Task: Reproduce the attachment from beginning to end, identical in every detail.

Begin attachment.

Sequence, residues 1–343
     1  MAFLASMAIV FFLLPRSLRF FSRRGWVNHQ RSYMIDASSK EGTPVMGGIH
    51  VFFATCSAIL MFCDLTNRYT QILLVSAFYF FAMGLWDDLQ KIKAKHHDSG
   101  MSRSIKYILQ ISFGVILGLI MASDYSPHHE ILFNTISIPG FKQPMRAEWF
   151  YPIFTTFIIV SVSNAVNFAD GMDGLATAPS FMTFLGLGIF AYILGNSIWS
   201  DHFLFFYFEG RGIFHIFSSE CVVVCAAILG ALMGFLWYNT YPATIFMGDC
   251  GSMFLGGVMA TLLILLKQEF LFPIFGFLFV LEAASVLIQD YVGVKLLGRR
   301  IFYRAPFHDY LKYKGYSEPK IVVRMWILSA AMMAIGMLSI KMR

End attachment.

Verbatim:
Sequence, residues 1–343
     1  MAFLASMAIV FFLLPRSLRF FSRRGWVNHQ RSYMIDASSK EGTPVMGGIH
    51  VFFATCSAIL MFCDLTNRYT QILLVSAFYF FAMGLWDDLQ KIKAKHHDSG
   101  MSRSIKYILQ ISFGVILGLI MASDYSPHHE ILFNTISIPG FKQPMRAEWF
   151  YPIFTTFIIV SVSNAVNFAD GMDGLATAPS FMTFLGLGIF AYILGNSIWS
   201  DHFLFFYFEG RGIFHIFSSE CVVVCAAILG ALMGFLWYNT YPATIFMGDC
   251  GSMFLGGVMA TLLILLKQEF LFPIFGFLFV LEAASVLIQD YVGVKLLGRR
   301  IFYRAPFHDY LKYKGYSEPK IVVRMWILSA AMMAIGMLSI KMR